For many years, Cal Newport has been writing about ways to get better at doing difficult things. His first three books were manuals for students, advice on learning techniques and where to focus one’s efforts during high school and college. In 2012, he wrote So Good They Can’t Ignore You, about building career capital by mastering valuable skills. While he was writing these four books, he also published the Study Hacks blog, which covers similar topics on a weekly basis.
Cal’s latest book, published last week, is Deep Work: Rules for Focused Success in a Distracted World. This one offers the following challenge: to improve your ability to do what is difficult, you first have to spend less time doing what is easy.
Deep Work and Shallow Work
In the introduction, Cal provides a definition of deep work and shallow work. Here’s how to recognize deep work:
It involves activities that you do as part of your job. Though Cal does have a lot to say in the book about what you do in your leisure time, deep work refers specifically to activities that happen during work hours.
You have to concentrate to do it. You can’t do deep work while you’re multitasking.
It’s the best work you can currently do. If you’re not trying hard, you’re not doing deep work.
It makes you better at your profession. To stretch yourself, you have to try new things. If you’re just rehashing something you have done countless times before, you’re not doing deep work.
It produces something new and valuable. If no one benefits from your work, you’re not doing deep work.
It’s something that only you, or people with your specific skills and background, can do. If you’re doing something that anyone with the appropriate college degree and a few months of training could do, you’re not doing deep work.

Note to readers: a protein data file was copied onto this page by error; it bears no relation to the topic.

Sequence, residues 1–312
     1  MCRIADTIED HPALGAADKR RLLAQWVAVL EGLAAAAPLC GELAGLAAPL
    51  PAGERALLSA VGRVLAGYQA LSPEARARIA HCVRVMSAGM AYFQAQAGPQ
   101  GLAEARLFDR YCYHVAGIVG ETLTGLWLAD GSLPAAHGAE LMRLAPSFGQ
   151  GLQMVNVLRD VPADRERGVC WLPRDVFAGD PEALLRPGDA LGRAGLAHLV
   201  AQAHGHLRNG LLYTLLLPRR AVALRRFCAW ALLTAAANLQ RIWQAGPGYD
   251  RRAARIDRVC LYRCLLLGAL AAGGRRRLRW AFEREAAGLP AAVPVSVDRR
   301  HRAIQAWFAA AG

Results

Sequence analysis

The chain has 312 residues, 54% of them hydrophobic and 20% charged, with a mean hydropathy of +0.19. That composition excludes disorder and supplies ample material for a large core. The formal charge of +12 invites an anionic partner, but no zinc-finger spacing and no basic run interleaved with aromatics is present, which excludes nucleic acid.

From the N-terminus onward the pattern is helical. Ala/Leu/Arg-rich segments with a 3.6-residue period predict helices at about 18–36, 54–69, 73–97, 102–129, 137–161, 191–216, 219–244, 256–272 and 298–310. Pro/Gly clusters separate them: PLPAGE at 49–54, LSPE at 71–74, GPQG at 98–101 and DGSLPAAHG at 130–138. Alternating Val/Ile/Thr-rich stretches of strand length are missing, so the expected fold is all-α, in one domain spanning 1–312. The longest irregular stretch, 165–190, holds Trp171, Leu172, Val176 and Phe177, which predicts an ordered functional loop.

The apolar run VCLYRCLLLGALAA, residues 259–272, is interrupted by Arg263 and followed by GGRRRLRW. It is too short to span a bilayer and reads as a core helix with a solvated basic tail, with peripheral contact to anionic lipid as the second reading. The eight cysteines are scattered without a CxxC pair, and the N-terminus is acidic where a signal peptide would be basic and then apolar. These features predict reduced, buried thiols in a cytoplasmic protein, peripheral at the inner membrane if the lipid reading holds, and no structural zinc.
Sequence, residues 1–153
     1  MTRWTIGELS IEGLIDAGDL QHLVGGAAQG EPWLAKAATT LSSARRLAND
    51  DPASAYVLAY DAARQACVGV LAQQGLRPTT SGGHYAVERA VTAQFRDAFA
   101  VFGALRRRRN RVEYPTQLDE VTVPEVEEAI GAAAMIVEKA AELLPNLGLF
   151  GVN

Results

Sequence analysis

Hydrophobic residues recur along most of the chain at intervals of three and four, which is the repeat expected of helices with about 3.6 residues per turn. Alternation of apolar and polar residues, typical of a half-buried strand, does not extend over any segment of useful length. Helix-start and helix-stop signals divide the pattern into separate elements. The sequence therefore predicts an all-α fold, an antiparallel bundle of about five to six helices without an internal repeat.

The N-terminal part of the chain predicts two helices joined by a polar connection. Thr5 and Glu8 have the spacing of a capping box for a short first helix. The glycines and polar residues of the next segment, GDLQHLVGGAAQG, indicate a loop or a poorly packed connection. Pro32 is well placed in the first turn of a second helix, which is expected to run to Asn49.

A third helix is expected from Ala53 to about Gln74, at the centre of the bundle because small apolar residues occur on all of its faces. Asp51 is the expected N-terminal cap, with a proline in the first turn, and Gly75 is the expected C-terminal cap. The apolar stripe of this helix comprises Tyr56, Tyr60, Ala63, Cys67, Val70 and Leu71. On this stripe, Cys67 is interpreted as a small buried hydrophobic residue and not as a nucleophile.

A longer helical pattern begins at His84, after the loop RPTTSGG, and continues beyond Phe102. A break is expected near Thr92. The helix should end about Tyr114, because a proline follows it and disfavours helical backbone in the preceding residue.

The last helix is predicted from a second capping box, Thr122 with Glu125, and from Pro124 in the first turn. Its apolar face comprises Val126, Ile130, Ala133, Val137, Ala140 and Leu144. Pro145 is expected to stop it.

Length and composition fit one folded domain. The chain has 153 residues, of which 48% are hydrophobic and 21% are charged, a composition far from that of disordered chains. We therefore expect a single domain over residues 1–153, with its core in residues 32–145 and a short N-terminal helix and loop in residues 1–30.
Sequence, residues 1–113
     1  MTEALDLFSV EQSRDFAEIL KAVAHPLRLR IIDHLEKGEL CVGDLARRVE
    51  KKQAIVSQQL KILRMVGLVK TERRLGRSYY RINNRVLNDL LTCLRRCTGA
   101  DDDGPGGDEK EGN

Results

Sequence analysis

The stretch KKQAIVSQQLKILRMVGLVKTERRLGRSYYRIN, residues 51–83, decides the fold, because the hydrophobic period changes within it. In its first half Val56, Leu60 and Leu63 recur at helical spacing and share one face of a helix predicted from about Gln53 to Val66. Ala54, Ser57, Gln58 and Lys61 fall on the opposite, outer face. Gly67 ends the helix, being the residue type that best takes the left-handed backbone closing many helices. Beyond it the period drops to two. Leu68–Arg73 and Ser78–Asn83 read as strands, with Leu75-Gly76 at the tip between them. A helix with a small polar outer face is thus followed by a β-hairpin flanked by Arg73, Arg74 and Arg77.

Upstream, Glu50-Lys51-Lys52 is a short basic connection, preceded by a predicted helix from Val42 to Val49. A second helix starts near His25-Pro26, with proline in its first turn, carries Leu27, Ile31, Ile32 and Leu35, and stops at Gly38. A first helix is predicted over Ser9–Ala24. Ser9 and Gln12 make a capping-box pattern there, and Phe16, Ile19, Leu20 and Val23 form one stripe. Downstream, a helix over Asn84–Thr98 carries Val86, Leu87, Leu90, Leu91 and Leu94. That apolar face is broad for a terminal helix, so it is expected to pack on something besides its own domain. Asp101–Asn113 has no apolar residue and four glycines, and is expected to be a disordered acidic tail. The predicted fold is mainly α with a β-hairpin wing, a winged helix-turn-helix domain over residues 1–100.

In Rule #4 in the book, Cal explains a process to calculate a numerical value for how deep a particular work activity is. I’ll let you consult the book for those details. He also provides some general guidance on identifying shallow work, the type of work you have to seek out and eliminate if you’re going to meet your deep work quota for the day. Here’s how you can recognize shallow work:
It doesn’t demand very much of you. It’s easy to do.
It tends to be the type of logistical work that comes up in the course of working in an organization.
It doesn’t require concentration. You can work on multiple shallow things at once.
It’s not work that requires you specifically. You could delegate it to someone else, and it would still get done well enough.
Though it may be necessary to keep an organization running smoothly, it doesn’t create any enduring value on its own.
Shallow work is an inevitable part of knowledge work, and there’s nothing wrong with it in moderation. But, Cal argues, what distinguishes successful knowledge workers is their goal to be intentional about the type of work they take on. Shallow work is easy to do, available in endless quantities, and seemingly urgent. As a result, it tends to crowd out deep work. Many of the strategies presented in the book focus on getting your shallow work hours down to a low enough quantity that you have time for deep work.
The Age of Online Distractions
It’s hardly a new idea to lament that online distractions are preventing us from being as effective as we could be. In the introduction to Deep Work, Cal lists several books that cover this topic, notably Nicholas Carr’s The Shallows in 2011. There is also a long tradition of writers hiding themselves in a remote room or building so they can concentrate on their work. Cal mentions Michel de Montaigne, who lived over 400 years ago, and draws other historical and modern examples from Mason Currey’s Daily Rituals.
Given these literary precedents, why do we need another book on the topic? One reason is to push against the prevailing trends. It may be common knowledge that what Cal calls network tools have unintended effects on our ability to work. And yet, new versions of these tools keep appearing. We need a book like this one every once in a while just to keep one side of the argument going.
But a better justification has to do with Cal’s multi-pronged approach to the topic. Each section of the book contains these three types of evidence:
Science: Anyone can grumble about kids and their smartphones, or make up a theory about how the brain works. The minimum standard for a good business/psychology book for a popular audience is including references to actual scientific studies.
Interviews: In Rule #3, Cal meets a farmer while shopping for organic burgers, and the next thing you know he’s interviewing him about hay balers and the craftsman approach to tool selection. Original interviews with real people have been a consistent feature of Cal’s books since the beginning, and it’s a good reality check for the ideas he is promoting.